With the beginning of April came a (slow) new beginning for a my newest writing project.
I can honestly say writing for children is different in several obvious ways, but ways that I didn’t really give a second thought to until I began.
First, vocabulary is a big focus. Would 12-year-old Molly even think to herself that something is primitive? Would Molly even know what that meant? It would depend on what kind of 12-year-old Molly is, but, I’m going to go with no. But some words are so ingrained in our adult minds that we have a hard time replacing them. Or, if you are me, you have a hard time replacing it with something more understandable. I don’t want to say something is “simple” or “basic,” when when you’re writing for kids, these are the kinds of words to use, because they are easy to understand. They promote readability.
The next thing I noticed while writing the first chapter of my still-untitled book, is that some of the jokes or sarcastic comments I want to make, I can’t. They would not be understood by my audience, regardless of how funny. And it would be wasted. And the only thing worse, or at least on par with, a misunderstood joke or misunderstood sarcasm is when it is wasted.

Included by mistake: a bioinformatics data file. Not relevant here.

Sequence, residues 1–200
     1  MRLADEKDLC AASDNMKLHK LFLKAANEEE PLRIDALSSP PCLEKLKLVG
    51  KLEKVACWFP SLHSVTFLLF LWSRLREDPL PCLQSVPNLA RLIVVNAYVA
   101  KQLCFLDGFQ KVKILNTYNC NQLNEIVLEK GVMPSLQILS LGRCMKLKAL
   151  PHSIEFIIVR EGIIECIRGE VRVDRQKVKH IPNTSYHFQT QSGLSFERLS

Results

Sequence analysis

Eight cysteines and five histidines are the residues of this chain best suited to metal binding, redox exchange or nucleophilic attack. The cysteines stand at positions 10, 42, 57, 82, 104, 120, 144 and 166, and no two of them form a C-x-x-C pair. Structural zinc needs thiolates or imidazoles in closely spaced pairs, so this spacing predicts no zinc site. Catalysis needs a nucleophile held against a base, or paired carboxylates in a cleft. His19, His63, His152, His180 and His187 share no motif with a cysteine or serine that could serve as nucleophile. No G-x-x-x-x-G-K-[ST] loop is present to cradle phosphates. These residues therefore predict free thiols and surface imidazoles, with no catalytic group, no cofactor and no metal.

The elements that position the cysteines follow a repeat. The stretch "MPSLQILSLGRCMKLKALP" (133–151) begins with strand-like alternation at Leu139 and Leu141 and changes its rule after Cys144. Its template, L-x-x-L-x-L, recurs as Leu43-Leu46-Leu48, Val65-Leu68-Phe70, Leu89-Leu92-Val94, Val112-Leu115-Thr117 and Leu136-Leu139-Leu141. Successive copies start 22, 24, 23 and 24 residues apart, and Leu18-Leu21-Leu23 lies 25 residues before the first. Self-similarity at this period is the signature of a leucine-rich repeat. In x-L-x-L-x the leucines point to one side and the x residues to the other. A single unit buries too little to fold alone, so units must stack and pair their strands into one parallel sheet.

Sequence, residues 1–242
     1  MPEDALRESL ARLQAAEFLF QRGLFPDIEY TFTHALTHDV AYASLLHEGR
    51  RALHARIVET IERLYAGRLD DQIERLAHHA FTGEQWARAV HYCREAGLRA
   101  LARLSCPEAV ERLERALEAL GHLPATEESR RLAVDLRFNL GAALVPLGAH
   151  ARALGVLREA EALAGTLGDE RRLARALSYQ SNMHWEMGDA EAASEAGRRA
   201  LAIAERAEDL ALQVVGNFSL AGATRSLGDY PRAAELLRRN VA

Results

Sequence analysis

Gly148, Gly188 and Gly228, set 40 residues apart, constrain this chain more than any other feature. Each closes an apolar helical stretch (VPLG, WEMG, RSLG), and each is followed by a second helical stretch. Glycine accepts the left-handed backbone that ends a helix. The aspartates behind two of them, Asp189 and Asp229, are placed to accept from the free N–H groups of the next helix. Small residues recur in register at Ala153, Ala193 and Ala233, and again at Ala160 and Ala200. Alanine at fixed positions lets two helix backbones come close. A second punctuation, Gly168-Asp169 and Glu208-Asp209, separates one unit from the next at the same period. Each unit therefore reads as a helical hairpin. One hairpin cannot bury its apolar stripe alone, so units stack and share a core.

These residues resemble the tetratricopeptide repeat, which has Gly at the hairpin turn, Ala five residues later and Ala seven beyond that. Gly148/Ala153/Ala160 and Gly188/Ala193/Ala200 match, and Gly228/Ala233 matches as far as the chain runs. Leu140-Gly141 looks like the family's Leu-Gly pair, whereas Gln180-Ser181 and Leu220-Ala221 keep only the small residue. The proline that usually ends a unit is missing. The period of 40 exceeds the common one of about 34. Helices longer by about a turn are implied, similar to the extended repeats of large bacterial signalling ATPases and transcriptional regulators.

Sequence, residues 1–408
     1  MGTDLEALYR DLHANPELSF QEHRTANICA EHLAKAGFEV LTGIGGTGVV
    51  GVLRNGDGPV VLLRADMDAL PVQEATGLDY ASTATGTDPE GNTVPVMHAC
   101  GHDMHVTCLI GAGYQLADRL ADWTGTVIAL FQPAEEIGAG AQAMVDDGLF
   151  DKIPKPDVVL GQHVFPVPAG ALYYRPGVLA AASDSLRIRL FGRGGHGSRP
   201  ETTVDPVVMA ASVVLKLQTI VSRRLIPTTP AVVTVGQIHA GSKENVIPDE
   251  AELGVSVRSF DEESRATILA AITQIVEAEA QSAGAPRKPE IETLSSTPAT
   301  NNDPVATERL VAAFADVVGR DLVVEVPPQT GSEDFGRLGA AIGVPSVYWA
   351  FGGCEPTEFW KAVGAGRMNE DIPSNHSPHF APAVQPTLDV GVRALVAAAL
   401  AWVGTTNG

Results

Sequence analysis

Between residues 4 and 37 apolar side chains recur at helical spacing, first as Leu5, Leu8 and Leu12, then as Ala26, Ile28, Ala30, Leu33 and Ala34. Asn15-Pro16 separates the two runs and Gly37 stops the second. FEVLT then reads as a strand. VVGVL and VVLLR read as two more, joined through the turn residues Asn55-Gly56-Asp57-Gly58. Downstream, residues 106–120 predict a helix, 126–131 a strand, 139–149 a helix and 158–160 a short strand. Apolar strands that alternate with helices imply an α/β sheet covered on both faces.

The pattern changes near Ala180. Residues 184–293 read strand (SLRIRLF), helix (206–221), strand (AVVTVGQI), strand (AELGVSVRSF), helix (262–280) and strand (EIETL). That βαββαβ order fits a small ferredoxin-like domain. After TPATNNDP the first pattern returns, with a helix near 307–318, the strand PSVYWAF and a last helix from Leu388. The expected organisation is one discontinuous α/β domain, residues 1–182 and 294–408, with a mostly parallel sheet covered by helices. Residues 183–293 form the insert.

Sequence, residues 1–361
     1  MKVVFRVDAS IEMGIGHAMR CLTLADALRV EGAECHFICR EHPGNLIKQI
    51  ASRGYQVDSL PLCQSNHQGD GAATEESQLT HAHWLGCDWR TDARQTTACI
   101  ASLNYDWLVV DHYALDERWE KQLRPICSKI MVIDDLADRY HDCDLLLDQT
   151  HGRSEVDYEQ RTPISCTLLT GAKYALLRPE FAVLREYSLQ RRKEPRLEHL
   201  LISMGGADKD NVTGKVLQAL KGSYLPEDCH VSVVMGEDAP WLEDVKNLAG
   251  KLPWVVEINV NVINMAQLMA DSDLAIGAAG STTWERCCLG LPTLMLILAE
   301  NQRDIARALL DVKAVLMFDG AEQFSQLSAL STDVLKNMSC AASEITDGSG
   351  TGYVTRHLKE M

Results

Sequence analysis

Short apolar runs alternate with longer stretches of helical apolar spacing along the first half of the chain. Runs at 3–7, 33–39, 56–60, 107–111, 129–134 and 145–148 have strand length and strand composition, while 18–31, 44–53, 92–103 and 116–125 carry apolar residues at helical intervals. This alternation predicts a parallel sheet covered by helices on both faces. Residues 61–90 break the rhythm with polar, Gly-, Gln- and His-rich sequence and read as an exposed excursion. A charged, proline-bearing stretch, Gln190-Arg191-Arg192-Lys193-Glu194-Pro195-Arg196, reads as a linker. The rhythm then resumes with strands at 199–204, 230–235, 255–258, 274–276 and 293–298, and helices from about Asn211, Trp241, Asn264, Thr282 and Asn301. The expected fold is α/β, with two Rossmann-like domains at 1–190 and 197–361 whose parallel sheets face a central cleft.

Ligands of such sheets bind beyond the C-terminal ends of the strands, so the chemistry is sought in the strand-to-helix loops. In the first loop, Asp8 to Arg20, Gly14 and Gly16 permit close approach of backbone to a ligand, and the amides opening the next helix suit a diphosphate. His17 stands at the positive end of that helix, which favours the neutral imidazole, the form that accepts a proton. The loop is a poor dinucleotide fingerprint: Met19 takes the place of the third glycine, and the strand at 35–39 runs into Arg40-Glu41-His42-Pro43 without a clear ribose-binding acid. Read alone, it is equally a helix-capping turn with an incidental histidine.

I’ve also found that my word count for each chapter, though more of a rough guideline (who am I kidding, I don’t think I could write under my word count for a chapter), can also be a hindrance. One of the most important things in writing, and especially for children, is to keep the story moving. No one likes to read the long asides that Dickens, Hugo and other classic writers always made. And today, you don’t have to write even in the same league as those asides to lose your reader or make them skip a few sentences or paragraphs ahead–or even to the end of the book. My goal for each chapter is 1,000 words. Pretty light, about a page and a half single spaced. But if I can’t keep the story moving, if I’m padding to reach that 1,000 words, it’s too much. I’ll bet that will be my struggle throughout this whole project, because it’s something I’ve done in every other draft I’ve written. I’ve always preferred to chop words out than scramble to put more in.
All in all, though, I enjoyed writing the first chapter. I got to channel my inner child–the sassy, melodramatic me that the years polished into a less melodramatic, more sarcastic and mildly sassy me. It’s fun to write and know exactly what I would have said or done in a situation, and it helps me know what Molly would do, because in a lot of ways, Molly is me.